Login-Verarbeitung ...

Trial ends in Request Full Access Tell Your Colleague About Jove

21.5: Refrigerators and Heat Pumps

JoVE Core

Ein Abonnement für JoVE ist erforderlich, um diesen Inhalt ansehen zu können. Melden Sie sich an oder starten Sie Ihre kostenlose Testversion.

Refrigerators and Heat Pumps

21.5: Refrigerators and Heat Pumps

Refrigerators or heat pumps are heat engines operating in a reverse direction. For a refrigerator, the focus is on removing heat from a specific area, whereas, for a heat pump, the focus is on dumping heat into one particular area. A refrigerator (or heat pump) absorbs heat Qc from the cold reservoir at Kelvin temperature Tc and discards heat Qh to the hot reservoir at Kelvin temperature Th, while work W is done on the engine’s working substance.

A household refrigerator removes heat from the food while exhausting heat to the surrounding air. The required work is performed by the motor using electricity, which moves a coolant through the coils. A coolant with a boiling temperature below the freezing point of water is sent through the cycle. The coolant extracts heat from the refrigerator at the evaporator, causing the coolant to vaporize. It is then compressed and sent through the condenser, where it exhausts heat to the outside.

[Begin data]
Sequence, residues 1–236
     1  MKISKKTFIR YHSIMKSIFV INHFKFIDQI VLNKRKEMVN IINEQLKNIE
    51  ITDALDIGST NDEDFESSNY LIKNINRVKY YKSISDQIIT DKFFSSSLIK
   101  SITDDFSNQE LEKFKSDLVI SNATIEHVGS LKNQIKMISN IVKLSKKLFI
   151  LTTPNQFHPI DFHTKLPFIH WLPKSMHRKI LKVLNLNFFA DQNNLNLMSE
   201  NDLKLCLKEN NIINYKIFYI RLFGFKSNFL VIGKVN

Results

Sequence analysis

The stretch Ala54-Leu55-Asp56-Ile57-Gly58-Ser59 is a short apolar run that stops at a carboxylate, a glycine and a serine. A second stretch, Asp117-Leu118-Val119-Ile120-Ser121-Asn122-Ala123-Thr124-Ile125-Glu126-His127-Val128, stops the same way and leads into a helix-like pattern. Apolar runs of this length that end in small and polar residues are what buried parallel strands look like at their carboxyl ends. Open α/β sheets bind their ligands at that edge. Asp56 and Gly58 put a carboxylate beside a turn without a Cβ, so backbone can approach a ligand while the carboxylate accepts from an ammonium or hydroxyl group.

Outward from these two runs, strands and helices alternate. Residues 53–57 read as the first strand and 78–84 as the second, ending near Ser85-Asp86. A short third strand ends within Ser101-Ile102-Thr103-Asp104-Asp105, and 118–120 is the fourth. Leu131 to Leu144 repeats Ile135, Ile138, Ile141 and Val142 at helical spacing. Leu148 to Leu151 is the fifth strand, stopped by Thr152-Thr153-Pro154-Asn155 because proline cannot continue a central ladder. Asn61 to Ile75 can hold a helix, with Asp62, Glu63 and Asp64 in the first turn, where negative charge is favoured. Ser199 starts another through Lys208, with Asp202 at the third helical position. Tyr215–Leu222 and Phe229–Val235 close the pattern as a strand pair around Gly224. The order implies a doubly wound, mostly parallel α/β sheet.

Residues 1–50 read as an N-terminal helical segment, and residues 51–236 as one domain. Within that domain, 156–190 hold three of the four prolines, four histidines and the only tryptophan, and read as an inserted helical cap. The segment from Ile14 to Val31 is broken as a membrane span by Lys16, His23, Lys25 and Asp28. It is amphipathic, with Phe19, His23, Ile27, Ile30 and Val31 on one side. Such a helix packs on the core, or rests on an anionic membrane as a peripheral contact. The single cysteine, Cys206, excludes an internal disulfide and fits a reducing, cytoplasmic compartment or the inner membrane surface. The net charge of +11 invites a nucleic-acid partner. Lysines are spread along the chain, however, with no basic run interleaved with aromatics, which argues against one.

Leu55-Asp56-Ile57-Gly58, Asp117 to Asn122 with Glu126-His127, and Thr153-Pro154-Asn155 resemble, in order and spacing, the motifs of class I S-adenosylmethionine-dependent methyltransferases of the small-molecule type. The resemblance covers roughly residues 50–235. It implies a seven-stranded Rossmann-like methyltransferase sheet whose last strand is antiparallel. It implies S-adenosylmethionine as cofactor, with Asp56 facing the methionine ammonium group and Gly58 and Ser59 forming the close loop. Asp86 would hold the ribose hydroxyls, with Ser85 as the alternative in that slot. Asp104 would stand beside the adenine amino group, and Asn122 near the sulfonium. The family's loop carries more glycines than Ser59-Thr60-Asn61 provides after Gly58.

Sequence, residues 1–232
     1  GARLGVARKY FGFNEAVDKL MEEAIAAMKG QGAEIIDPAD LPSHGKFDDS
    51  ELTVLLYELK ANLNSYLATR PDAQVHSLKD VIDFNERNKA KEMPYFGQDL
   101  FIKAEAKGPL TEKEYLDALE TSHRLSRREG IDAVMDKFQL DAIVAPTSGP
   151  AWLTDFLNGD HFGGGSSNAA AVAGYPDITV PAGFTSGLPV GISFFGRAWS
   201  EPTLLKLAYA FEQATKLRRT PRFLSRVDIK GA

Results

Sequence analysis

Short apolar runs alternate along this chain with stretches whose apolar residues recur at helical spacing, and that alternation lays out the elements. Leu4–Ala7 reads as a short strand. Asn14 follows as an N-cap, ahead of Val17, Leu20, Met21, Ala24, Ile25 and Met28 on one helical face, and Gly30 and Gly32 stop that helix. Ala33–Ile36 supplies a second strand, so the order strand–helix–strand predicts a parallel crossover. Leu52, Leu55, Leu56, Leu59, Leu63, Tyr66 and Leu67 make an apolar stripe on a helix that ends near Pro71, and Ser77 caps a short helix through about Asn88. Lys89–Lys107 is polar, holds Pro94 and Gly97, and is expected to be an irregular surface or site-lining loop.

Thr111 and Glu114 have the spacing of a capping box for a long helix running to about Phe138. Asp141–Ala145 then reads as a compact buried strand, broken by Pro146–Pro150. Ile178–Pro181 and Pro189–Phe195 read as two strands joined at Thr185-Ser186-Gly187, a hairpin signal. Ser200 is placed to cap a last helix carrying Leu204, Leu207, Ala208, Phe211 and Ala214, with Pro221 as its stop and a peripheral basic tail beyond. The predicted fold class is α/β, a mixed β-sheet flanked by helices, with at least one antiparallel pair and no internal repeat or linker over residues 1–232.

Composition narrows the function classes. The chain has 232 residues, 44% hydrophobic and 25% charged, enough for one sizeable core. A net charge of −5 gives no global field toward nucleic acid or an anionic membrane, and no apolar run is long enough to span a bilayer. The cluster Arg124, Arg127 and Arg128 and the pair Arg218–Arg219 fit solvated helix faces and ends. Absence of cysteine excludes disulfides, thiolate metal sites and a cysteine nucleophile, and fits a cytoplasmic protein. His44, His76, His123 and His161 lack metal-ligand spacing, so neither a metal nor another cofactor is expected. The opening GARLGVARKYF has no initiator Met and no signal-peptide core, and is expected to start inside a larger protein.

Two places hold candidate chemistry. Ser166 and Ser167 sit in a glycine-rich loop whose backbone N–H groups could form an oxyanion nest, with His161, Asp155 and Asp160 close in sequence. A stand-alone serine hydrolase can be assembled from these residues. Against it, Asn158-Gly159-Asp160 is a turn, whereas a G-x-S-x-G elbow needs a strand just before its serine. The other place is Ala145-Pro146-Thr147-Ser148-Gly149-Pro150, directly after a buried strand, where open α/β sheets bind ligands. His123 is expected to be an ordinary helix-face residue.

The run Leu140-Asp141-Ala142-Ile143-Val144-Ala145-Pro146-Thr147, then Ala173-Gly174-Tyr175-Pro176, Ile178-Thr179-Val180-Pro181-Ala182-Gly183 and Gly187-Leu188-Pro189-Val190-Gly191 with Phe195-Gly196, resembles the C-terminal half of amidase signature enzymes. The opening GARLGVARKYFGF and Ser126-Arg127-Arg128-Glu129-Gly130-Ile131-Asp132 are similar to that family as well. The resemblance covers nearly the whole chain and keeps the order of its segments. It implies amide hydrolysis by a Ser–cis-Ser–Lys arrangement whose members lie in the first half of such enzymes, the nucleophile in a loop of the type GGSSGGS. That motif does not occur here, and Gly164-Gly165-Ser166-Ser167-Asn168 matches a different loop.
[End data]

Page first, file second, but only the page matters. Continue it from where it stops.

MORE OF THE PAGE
The effectiveness or coefficient of performance KR of a refrigerator is measured by the heat removed from the cold reservoir divided by the work done by the working substance cycle by cycle. Conversely, the coefficient of performance KP of a heat pump is measured by the heat dumped to the hot reservoir divided by the work done to the engine on the working substance cycle by cycle.

Suggested Reading


Keywords: Refrigerators Heat Pumps Heat Engines Heat Removal Heat Dumping Cold Reservoir Hot Reservoir Work Coefficient Of Performance Coolant Evaporator Condenser Vaporization Compression

Get cutting-edge science videos from JoVE sent straight to your inbox every month.

Waiting X
Simple Hit Counter